Rates of congenital syphilis have taken an ominous uptick over the past few years and are now at a 20-year high. The Centers for Disease Control and Prevention (CDC) reports that rates of primary and secondary syphilis in the general US population have increased 72.7% from 5.5 cases per 100,000 in 2013 to 9.5 per 100,000 in 2017 when a total of 30,644 cases were reported.1 The number of cases of congenital syphilis have increased simultaneously. After years of decline reaching a nadir in 2012, cases of congenital syphilis increased from 362 in 2013 to 918 in 2017 including 64 stillbirths and 13 infant deaths.1 During this time, the largest rate increases occurred in the Western United States (362.5%). Rates were highest among blacks (58.9 cases per 100,000 live births), followed by Native (indigenous) Americans (35.5 per 100,000), Hispanics (33.5 per 100,000), whites (9.7 per 100,000), and Asians/Pacific Islanders (4.3 per 100,000).
The consequences of congenital syphilis are so severe, and its prevention so straightforward, that this increase represents a public health tragedy. Thus, it is time to ensure that all pregnant women are adequately screened and expeditiously treated to eliminate this disease entirely. Fortunately, a few states are leading the way in curbing this epidemic and provide useful lessons for the rest of the nation.
Syphilis is caused by the spirochete Treponema pallidum. Primary syphilis is marked by presence of a chancre that heals in 3 to 6 weeks. Secondary syphilis, manifest by lymphadenopathy and/or a maculopapular rash on the palms, soles and mucous membrane, occurs in a quarter of cases6 weeks to 6 months after the chancre first appeared and lasts 2 to 5 weeks. Early latent syphilis occurs in the first full year, and late latent occurs thereafter. Tertiary syphilis is now rare with its classical gumma lesions and cardiac defects while neurosyphilis can begin with early disease and slowly progress to paresis if untreated.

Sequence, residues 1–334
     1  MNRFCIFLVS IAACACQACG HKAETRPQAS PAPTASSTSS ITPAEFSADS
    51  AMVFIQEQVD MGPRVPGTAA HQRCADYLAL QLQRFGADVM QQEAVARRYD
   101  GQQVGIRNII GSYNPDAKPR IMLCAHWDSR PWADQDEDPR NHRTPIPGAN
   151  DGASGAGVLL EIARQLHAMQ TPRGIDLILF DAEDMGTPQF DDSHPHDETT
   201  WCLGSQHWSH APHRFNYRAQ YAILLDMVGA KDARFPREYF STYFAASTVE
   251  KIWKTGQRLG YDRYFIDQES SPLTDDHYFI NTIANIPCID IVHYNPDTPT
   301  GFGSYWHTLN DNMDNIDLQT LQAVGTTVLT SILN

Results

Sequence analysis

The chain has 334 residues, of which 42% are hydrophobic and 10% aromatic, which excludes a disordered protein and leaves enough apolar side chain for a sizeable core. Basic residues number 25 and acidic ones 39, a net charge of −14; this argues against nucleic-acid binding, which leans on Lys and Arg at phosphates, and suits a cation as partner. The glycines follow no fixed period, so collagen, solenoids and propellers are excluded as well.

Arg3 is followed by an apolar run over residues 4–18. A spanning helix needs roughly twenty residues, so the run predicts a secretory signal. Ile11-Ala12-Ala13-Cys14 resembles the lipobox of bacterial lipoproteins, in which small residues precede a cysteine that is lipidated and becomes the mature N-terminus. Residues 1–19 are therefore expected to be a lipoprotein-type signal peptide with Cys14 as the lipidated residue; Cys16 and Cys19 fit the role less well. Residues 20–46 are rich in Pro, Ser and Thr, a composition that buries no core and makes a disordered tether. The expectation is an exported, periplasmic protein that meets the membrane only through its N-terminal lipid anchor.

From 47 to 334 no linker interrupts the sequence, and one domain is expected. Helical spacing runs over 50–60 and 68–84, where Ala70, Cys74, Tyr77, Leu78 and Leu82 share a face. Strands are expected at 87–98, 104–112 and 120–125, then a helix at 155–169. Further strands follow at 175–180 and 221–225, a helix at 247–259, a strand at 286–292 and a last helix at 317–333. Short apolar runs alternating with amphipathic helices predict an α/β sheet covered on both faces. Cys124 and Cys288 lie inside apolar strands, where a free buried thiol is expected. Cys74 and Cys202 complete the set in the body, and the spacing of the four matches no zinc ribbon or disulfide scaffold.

Screening can employ either traditional or reverse sequence approaches.2 The former includes initial nontreponemal testing such as a quantitative Rapid Plasma Reagin (RPR) assay followed by confirmatory treponemal testing (e.g., Fluorescent treponemal antibody absorption test (FTA-ABS) or T. pallidum particle agglutination assay [TPPA]). Reverse sequence screening begins with an initial treponemal chemoluminescent or enzyme immunoassay with reflex testing of positive results (false positive results occur in 50% to 90% of cases) using a non-treponemal test such as quantitative RPR. If the RPR is positive it is diagnostic, but if negative, a final TPPA or FTA-ABS study is required to exclude the diagnosis.2
Treatment depends on the stage of the disease. For primary, secondary, and early latent disease a single dose of penicillin G benzathine (2.4 million units) is given intramuscularly. For late latent and tertiary disease, three weekly doses are required. Neurosyphilis requires inpatient parental therapy. While non-penicillin treatments (e.g., tetracycline) can be used in non-pregnant women, only penicillin G benzathine is appropriate in pregnancy. Thus, if pregnant patients are allergic, desensitization is needed. The biggest risk of treatment is the Jarisch-Herxheimer reaction occurring within 2 hours of treatment which can trigger preterm labor.
- Centers for Disease Control and Prevention. Sexually transmitted disease surveillance 2017. Atlanta: U.S. Department of Health and Human Services; 2018. Available at https://www.cdc.gov/std/stats17/2017-STD-Surveillance-Report_CDC-clearan... Accessed March 14, 2019.
- Lin JS, Eder ML, Bean SI. Screening for syphilis infection in pregnant women: updated evidence report and systematic review for the US Preventive Services Task Force. JAMA. 2018 Sep 4;320(9):918-925.
- Trivedi S, Williams C, Torrone E, Kidd S. National trends and reported risk factors among pregnant women with syphilis in the United States, 2012-2016. Obstet Gynecol. 2019 Jan;133(1):27-32.
- US Preventive Services Task Force, Curry SJ, Krist AH, et al. Screening for syphilis infection in pregnant women: US Preventive Services Task Force Reaffirmation Recommendation Statement. JAMA. 2018 Sep 4;320(9):911-917.
- Rubin R. Why are mothers still passing syphilis to their babies? Medical News & Perspectives. JAMA. 2019 Feb 6.
- Albright CM, Emerson JB, Werner EF, Hughes BL. Third-trimester prenatal syphilis screening: a cost-effectiveness analysis. Obstet Gynecol. 2015 Sep;126(3):479-85.